By Ingrid Riley, Contributor
JUST AS the US economy was headed for recession prior to the September 11 tragedy, so too was Jamaica's tourism in a state of serious stagnation. The US tragedy simply pushed us over the edge and further exposed our flawed theories and practices, as well as the potential we have.
For a long while we've paid more lip service than elbow grease to the idea of further diversifying our tourism product, to find, fund and truly support initiatives that sought to develop lucrative niches. Instead we continued to throw advertising money in a bid to woo more American tourists the closeness, size and ease of accessing the American market made us complacent. Maintaining the status quo of the same kind of tourist coming for the same kind of tourism product. It seemed as if we'd ran out of ideas, or simply we were not fearless enough to risk a little and try new ones. So our product grew stale and homogeneous while we were busy worrying ourselves about being toppled by Cuba and formed new boards and committees to probe the matter. In the meantime, great ideas remained unfulfilled and unique ways of marketing them lay idle.
The Internet is such an awesome distribution, marketing and communications tool and we've so far not used it and it's attendant technologies to our country's tourism benefit as should have. While the end result is to have more people coming to Jamaica, spending more time, spending more money and coming again, the vehicle is putting the best of us in the marketplace. We claim to be more than sand and sea, but that seems to be most of what we're putting of ourselves in the marketplace.
It has been great to see many villas, hotels and attractions on-line with their websites the question is, what have they done to their sites lately and how have they used their sites as part of the marketing mix to win more business, new business and keep repeat business.
Why aren't we using our Jamaican Web3d technology experts to create and offer virtual tours on-line of our major attractions, brochures and the One Love TV commercial are nice, but a virtual tour is pretty potent. How about being able to visit a virtual exhibition mounted by the Institute of Jamaica on-line and for a fee.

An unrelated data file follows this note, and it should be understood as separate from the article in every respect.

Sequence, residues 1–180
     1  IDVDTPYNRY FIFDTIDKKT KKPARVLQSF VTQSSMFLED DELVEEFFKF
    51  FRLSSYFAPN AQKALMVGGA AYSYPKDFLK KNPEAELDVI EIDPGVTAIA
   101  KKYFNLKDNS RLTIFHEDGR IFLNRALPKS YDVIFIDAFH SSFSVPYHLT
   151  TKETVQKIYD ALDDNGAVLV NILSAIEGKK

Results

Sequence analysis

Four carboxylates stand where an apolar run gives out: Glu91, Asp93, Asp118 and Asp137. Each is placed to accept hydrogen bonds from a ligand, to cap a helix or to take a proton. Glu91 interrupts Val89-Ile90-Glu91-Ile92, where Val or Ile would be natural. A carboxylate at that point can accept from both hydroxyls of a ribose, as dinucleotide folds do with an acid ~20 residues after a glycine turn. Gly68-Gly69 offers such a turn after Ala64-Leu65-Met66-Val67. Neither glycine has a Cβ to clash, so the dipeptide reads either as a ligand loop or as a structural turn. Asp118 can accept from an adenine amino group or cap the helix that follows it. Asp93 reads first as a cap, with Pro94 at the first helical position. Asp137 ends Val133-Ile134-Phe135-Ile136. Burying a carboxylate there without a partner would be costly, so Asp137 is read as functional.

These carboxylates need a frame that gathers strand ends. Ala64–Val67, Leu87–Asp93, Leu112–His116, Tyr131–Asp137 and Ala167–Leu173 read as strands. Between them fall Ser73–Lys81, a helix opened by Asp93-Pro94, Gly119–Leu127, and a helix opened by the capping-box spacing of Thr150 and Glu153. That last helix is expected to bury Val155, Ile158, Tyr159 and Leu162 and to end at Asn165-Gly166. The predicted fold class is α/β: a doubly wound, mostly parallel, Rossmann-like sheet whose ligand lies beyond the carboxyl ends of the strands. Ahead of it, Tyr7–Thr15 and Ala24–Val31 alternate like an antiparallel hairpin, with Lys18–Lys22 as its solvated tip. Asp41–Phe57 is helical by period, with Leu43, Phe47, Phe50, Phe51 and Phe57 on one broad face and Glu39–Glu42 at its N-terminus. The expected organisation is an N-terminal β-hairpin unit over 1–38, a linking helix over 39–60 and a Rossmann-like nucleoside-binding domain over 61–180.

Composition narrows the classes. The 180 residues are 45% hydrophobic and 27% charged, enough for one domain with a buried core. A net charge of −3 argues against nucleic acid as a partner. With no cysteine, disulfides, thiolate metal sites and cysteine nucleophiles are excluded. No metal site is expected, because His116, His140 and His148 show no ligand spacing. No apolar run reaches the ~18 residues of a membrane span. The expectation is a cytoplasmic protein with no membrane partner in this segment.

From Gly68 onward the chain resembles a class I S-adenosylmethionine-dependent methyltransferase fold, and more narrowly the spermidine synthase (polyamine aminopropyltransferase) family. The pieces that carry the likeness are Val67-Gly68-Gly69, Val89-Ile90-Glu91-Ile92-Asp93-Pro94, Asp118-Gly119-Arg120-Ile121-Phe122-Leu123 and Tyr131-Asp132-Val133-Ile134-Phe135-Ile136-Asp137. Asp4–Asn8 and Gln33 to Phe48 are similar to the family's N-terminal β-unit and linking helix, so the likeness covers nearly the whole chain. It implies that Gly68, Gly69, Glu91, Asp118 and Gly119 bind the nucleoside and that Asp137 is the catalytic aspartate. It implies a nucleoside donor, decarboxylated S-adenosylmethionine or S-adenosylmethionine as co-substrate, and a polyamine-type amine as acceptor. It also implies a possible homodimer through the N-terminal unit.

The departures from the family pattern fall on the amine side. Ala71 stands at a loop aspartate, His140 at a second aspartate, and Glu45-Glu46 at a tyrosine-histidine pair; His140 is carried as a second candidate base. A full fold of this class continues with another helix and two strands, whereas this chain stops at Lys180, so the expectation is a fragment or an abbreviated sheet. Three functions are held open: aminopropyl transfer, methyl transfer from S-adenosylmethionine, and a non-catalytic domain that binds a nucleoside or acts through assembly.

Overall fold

Kingston is great destination, we just need fresh eyes on the case, people who see it with less jaded eyes and know how to package it all. It's been great to see some new events being added to our calendar like Jamaica Spice Food Festival and the Jerk festivals. So how about the local artist community creating an island wide Open Studio, pitched as a once a year opportunity to buy unique and diverse Jamaican art and meet with the artist themselves, create a map of studios island wide, market it on-line with a downloadable map and all. San Francisco does it and it works very well.
I think we need to get away from the idea of trying to centralise new initiatives and focus on creating an environment that will make ideas thrive in a bid to try and centralise new initiatives. Mavericks such as iriefm.net, downsoundrecords.com, the Jamerican Film Festival, Calabash International Literary Festival, are already out on-line and using technologies like streaming media to make tourists fall in love with our arts and culture and want to come here. You see, we do have the web design, web marketing, Web3d, streaming media, ebusiness experts right here.
Add to that, faster and further competition coming to the telecom market and banks finally moving towards e-commerce, fresh eyes working on the challenge, fully use the Net and it's technologies, we can kick start our tourism product again.
Ingrid Riley is a writer, and CEO of MiND FULL Press, the premier source for Caribbean Tech News and Information. She is active in the Caribbean's hi-tech and business communities. Send comments to her at firstname.lastname@example.org.